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There have been many many remote procedure call/distributed communication protocols. Many have been very deeply specified with thousands of pages of specifications, but in the end the industry moved away from these protocols to a much looser concept. So loose it cannot even deemed a protocol, rather REST is referred to as an architectural style.
REST won not by being the most advanced, or the most capable, or the most efficient, but by being the easiest to get to grips with. Which is both a blessing and a curse. The world is full of less than optimal REST APIs. Because REST is so approachable folks quickly move to building and shipping APIs without considering some of the more thorny issues that every distributed application has to deal with How to manage concurrency, how to deal with lost updates, co-ordinate transactions How to deal with unavailability How to deal with massive scale Oracle REST Data Services is designed to deal with many of these issues, we’ve done the hard thinking and chosen approaches to deal with these issues so developers using ORDS don’t need to worry about them so much. I want to draw a comparison between REST and another foundational technology, UNIX. When I think of UNIX I picture big air conditioned rooms in data centres full of big iron servers. But that’s not the reality of UNIX today. It’s not just data centres and backend servers. The reality is UNIX is all around you, you wear it on your wrist, you carry it in your pocket, it powers the movies you watch when sat on an aeroplane, it controls the car you drive, it is literally everywhere. It is part of the fabric of our reality, but it’s not something out there in front of you. It’s a building block, something atop which much of the rest of the technology in our lives is built upon. I’m sure everyone in this room knows how to get around in UNIX, I’m sure that wasn’t always the case, there was a time when all I knew was MS-DOS and Windows. UNIX was a foreign land, and even seemed like something that was fading away under the march of Windows, but that time was so long ago and now I can’t picture a future where knowing and being comfortable using UNIX won’t be a valuable skill for at least another decade or two. I feel REST is following a similar trajectory. It is almost as old as the HTTP protocol itself, and it’s popularity and ubiquity has taken a considerable amount of time to build, but now that it’s value has been recognised, I don’t see it’s utility being displaced until the next paradigm shift in computing technology occurs. It has become one of the building blocks we take for granted. And thus everyone needs to know and understand REST and more importantly every piece of technology involved in distributed computing needs to be a good and competent REST citizen.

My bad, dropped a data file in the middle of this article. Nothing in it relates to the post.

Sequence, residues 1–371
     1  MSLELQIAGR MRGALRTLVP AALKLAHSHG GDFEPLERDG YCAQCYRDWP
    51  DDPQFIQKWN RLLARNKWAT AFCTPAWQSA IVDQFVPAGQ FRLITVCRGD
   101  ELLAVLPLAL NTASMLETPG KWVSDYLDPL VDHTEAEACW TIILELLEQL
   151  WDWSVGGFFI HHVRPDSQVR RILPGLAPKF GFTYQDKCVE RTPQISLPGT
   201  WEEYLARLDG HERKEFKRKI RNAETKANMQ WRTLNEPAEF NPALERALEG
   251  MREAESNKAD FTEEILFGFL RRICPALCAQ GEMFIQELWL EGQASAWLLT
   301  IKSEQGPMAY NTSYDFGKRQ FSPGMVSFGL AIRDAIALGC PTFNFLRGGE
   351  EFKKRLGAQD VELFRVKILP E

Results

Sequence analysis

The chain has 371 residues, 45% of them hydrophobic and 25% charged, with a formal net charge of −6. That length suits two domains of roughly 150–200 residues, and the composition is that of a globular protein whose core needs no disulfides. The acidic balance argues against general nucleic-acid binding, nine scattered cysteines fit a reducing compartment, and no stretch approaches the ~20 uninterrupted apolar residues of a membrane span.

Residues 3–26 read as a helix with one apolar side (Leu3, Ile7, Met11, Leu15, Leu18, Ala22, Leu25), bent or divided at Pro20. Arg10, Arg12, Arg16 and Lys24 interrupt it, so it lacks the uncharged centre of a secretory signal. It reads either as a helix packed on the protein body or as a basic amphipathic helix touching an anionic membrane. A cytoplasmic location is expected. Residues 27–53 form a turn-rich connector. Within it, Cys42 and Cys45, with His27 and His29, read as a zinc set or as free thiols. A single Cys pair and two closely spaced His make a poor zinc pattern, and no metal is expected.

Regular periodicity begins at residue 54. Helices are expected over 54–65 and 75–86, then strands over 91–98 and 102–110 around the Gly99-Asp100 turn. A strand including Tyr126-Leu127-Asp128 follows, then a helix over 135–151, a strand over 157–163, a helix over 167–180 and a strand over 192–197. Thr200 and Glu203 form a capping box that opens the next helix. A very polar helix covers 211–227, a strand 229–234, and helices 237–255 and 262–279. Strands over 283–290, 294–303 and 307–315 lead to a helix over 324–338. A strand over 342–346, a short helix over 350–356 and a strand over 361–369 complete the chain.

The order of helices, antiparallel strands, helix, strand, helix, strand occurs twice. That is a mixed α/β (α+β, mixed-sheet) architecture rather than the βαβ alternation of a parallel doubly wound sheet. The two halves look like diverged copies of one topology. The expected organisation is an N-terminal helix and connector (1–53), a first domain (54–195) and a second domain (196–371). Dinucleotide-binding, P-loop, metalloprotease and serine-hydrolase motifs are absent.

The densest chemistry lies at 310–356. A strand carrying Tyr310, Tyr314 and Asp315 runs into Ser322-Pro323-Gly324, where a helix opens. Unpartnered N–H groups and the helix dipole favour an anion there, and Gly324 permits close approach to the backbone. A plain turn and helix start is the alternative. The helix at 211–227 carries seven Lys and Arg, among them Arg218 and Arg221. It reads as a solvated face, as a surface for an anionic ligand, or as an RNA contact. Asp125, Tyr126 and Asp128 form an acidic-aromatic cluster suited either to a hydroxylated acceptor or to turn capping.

New with REST Data services 3.0 it does not require APEX to define your REST Data services. Oracle currently distributes “Oracle APEX Listener”, which will be renamed to Oracle REST Data Services.
Delivered with Database 18.104.22.168 Java Based plugin replacement for Apache mod_plsql Formally known as Oracle APEX listener available on OTN Available today on our Database Cloud Schema Service
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